Hendersonville, NC, United States | Member Since 2009
A long rambling story of a guy who is good, bad and indifferent. In the end I didn't much care for or about Phillip or any of the other characters one way or another.
Caution, tedious book. The main character of the book is a liar, a thief, a drunk, a drug addict, a duplicate of his father, an alleged chronicler, and in the end a dribbling pathetic mournful philosopher. If you cut out 100 pages of the book, which one could easily do, if nothing else by cutting out the million times the dope says "What?" it might have been a better read. I stuck it out for the many hours waiting to be wowed after reading so many glowing reviews. Largely for naught.
I liked the story and the telling. By the end, however, the author was such a weakling who caved in to each and every character in the book, I simply disliked the guy. I'm surprised the man had the courage to write the book at all.
I've now read three of her books. I feel there is a disconnect between the life she describe in the beginning and where she is now. People and places and events are missing here. To me she has become quite tiresome in exposing, at great length and in greater detail, the failings of her life. I liked Liar's Club far more.
As always, well written, and very well performed by Robin Sachs. In the end the story is not satisfying.
Disappointed. The violence, the redundancy of the evil notes about Trujillo were, in the end, boring. How many "worst beatings" can there be? In this story many. The Dominican Republic and Dominicans in general should be thoroughly insulted by their characterizations. Frankly, in the end it wasn't such an interesting story.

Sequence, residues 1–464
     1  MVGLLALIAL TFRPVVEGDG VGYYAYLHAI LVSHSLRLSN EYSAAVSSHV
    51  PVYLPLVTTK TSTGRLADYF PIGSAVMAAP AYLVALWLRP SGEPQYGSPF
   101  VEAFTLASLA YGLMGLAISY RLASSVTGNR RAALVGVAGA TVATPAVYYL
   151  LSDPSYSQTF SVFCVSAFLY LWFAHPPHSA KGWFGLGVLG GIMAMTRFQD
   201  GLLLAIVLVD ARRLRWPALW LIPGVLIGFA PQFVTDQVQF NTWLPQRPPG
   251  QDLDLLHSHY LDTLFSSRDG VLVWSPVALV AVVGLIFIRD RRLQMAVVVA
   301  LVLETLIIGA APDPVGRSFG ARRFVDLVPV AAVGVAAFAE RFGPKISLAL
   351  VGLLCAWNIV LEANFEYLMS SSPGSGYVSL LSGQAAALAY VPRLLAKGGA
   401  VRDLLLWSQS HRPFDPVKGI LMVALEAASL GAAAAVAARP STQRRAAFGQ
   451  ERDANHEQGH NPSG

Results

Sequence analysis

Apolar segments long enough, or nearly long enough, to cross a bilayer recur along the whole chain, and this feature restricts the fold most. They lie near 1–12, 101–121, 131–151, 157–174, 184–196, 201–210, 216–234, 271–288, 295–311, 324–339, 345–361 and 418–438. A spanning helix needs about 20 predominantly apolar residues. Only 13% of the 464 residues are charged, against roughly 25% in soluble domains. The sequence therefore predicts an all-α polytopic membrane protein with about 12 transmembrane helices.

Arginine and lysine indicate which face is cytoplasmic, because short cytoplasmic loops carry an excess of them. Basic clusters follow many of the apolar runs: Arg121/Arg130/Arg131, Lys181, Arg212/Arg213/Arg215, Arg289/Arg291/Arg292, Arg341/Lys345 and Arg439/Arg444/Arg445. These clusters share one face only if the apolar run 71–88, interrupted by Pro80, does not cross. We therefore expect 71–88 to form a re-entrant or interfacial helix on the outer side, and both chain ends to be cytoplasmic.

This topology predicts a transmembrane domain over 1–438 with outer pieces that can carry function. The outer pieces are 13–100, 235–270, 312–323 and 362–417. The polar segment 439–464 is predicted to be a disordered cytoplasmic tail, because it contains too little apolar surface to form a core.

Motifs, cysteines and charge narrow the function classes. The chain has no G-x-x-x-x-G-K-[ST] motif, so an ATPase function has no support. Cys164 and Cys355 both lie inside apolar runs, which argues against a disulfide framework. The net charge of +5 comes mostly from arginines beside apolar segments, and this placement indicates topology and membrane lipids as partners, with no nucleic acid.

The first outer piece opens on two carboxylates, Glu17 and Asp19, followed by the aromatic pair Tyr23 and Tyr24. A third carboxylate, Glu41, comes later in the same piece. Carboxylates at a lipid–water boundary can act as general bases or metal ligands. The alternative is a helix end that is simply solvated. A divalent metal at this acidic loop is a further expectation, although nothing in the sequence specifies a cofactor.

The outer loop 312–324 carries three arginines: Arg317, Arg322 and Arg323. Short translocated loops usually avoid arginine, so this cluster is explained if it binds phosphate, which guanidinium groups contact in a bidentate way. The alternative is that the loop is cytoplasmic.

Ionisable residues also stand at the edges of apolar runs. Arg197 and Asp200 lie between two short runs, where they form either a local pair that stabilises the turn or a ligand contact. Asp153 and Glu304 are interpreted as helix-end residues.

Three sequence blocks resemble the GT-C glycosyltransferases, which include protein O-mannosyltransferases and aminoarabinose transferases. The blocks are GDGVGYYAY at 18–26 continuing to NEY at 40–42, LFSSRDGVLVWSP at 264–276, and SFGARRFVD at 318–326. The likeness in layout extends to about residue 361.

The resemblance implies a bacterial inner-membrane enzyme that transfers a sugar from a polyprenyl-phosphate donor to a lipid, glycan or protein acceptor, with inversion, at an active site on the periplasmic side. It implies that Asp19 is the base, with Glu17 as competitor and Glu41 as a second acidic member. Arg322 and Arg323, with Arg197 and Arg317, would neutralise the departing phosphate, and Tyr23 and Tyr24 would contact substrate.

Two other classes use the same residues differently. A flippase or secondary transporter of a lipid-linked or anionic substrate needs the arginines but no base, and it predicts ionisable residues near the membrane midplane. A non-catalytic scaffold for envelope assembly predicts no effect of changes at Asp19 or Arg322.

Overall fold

What a terrible mistake to have the Kate Reading narrate this book. She simply does not "sound" the part. I couldn't get beyond it. Much better to get the abridged version read by Emily Gray who is more the character. The book's good, but to have someone who seems too old and too mature reading a first person narrative is wrong. Listen to the two samples before choosing.
After slogging through this meaningless tome, I realized how shallow Wolfe made his lead character. It was a poor and wrong characterization of a girl from rural North Carolina. In the end I was amazed that Wolfe completely left out the role of religion in such a persons life. It is extremely unlikely that Charlotte would have left Sparta without a religious thought in her head. Although Wolfe may be godless, rural Southerners rarely are. But he makes his character rather souless and not very sympathetic with almost no moral code of behavior. So Charlotte goes through her year in college with its very tedious situations and never once thinks to seek spiritual guidance of any kind. I'm not particularly religious, but I know people from my region and Charlotte Simmons rings very hollow. The book is a boring waste of time.
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